One quarter of young people in Australia experience a mental health problem at some point in their life, yet 50 per cent of those do not seek help.
Getting through your teens and twenties can be tough. Exams, school bullies, work pressures, body changes, relationship dramas, and sex are just some of the stresses young people face every day.
However, there is a big difference between “feeling blue” and being clinically ill. A mental illness is a behavioural or mental pattern that can cause suffering or poor ability to function in ordinary life.
Many people deny experiencing a mental illness. This is because our society treats mental health conditions like the plague and we are too scared to admit that we might be suffering from one.
If you are feeling anxious 24/7, or your Monday blues stay ‘til Sunday, or you are not eating because you do not look like Kendall Jenner, then maybe you should speak to someone.
And if you do suffer from a mental illness, you are one of 10.4 million Australians who experience a mental disorder at some stage in their life.
Gina James, Monash University student, was told by her Psychologist that “a lot of people have this, you’re not special. And that’s a scary thing.”
In the US, seeing a Psychologist is about as normal as going to the gym. So if almost half of Australians experience mental ill health at some point in their life, why is seeing a Psychologist still taboo? We take care of our physical health and we should be taking care of our mental health too.
3.4 million Australians experience depression or anxiety and 50 per cent of those people do not seek support. Seeking support is crucial to identifying problems affecting your life and moving past them.
Headspace Youth Community Development and Group Worker, Andrew Gardiner, says “it is important to seek help early on and not get to a point where it overwhelms your life.”
Headspace is a National Youth Mental Health Foundation providing early intervention mental health services to 12-25 year olds. It is a free program, designed to be easily accessible for young people experiencing problems affecting their wellbeing, whether mental, physical, social, or alcohol- and drug-related.
Kate Smith*, Monash University Student, started experiencing anxiety when she was 12, with a general fear of public speaking, which later escalated to a point where she struggled going to University and parties, and became depressed.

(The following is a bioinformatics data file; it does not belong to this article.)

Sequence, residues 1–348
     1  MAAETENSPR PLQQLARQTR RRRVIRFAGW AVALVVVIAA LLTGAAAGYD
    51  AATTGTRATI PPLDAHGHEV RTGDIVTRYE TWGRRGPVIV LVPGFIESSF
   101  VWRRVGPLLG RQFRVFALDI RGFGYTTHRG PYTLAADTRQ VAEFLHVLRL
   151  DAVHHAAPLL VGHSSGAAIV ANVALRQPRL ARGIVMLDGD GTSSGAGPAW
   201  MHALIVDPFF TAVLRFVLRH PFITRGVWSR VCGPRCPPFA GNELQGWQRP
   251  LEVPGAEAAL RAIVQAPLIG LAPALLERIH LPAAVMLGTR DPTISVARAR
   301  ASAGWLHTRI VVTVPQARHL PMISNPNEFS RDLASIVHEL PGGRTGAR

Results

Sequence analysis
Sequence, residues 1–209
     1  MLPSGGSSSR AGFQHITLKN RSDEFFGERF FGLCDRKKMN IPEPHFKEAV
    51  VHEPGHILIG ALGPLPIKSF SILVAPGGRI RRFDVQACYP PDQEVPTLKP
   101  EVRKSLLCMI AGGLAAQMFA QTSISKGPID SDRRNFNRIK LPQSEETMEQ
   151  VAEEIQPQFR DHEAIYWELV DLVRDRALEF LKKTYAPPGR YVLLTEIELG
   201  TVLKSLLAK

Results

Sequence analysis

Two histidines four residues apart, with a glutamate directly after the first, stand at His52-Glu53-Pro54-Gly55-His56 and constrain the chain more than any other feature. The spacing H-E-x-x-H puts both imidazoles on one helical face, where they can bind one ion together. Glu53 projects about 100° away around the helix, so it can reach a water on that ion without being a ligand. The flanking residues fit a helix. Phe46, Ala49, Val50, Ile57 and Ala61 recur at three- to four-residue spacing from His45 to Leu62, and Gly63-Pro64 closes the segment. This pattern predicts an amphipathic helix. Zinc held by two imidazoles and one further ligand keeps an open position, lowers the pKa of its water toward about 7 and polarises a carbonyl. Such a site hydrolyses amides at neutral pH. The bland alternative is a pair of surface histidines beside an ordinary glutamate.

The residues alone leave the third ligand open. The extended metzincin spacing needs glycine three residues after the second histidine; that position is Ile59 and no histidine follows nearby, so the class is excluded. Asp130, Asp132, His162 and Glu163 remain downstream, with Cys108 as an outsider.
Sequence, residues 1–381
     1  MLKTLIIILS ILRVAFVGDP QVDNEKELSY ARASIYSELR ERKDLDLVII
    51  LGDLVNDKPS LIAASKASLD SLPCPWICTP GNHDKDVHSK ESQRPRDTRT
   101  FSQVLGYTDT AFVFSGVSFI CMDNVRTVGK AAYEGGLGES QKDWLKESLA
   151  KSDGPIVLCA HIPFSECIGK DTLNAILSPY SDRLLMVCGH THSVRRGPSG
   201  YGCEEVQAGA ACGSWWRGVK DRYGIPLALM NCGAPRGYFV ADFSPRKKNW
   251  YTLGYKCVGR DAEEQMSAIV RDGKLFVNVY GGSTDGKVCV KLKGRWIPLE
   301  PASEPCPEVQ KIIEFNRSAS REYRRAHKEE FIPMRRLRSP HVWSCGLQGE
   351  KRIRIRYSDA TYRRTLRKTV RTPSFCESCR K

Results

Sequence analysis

“These feelings of anxiety evolved to the point where I could hardly step foot in a tutorial or lecture theatre without freaking out or becoming very uncomfortable. Those week one introduction games were one of my worst fears, and having to sit exams or group projects became and still seem to be a level of hell.”
Mental illness is not just depression and anxiety, though these are more common. Other mental illnesses affecting our youth include eating disorders, mood disorders, insomnia and addiction.
Gina was diagnosed with major panic disorder and obsessive-compulsive disorder (OCD) last year. She says, “there is an inconvenience to it – you’re trying to live your life but you can’t”.
“My diagnosis made it real, and was almost a relief. The anxiety and depression I had previously felt made me feel defeated. But being diagnosed made me realize I’m not crazy and I’m not a loser.”
“It sucks to be afraid of your own brain”.
Kate and Gina are still seeing Psychologists and now living comfortably with the support of their friends and family.
Tom Mills*, Monash University Student, suffered from anorexia in high school and lost 25kg because he wanted to be skinny. Like most males, he found it difficult to seek help because of the ‘blokey’ culture that exists in Australia. “I found it very hard, being a male, to come to terms with what [anorexia] was. The stigma around it being a female-only issue made me feel trapped and ashamed to ask for help.” Tom is still conscious of what he eats but is now at a healthy weight, and never saw a Psychologist.
Women are more likely than men to use services for mental health problems, but that does not mean men experience them any less. “Young men have just as much if not more problems than young women”, says Andrew. “Men are taught that they shouldn’t cry and show feelings. Being seen as a weakling can be a barrier for young men seeking help.”
Anyone and everyone can develop a mental illness. No one is immune to experiencing mental ill health. Most people who do seek appropriate help and treatment are able to recover well and live a full life.
The World Health Organisation (WHO) tells us that depression will be a greater threat to today’s youths than any other disease by the time they reach 30. Many young people flourish despite society’s influence. However, many young people are unaware or indifferent to what the WHO predicts will be a depression epidemic by 2030.
We do not like to talk about mental health in Australia. But for the sake of our health, we should.
If you or someone you know is thinking about suicide and you are in Australia, call:
- Emergency on 000 (or 112 from a mobile phone)
- Lifeline on 13 11 14
- Kids Helpline on 1800 551 800
- MensLine Australia on 1300 789 978
- Suicide Call Back Service on 1300 659 467
*Name changed for privacy reasons.